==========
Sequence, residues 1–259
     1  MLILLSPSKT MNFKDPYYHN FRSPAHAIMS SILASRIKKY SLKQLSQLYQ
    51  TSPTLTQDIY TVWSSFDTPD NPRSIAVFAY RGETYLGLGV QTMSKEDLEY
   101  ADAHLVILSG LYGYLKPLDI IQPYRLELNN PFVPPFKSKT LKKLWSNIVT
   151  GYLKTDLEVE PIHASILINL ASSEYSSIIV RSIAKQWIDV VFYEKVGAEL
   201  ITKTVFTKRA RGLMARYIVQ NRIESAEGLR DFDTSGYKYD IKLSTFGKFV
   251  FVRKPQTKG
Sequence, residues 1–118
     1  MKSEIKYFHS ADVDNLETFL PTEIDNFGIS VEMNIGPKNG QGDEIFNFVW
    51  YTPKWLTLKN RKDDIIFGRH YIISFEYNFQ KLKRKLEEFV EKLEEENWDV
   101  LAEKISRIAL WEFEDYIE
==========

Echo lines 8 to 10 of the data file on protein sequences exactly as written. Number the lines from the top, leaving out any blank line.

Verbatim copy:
Sequence, residues 1–118
     1  MKSEIKYFHS ADVDNLETFL PTEIDNFGIS VEMNIGPKNG QGDEIFNFVW
    51  YTPKWLTLKN RKDDIIFGRH YIISFEYNFQ KLKRKLEEFV EKLEEENWDV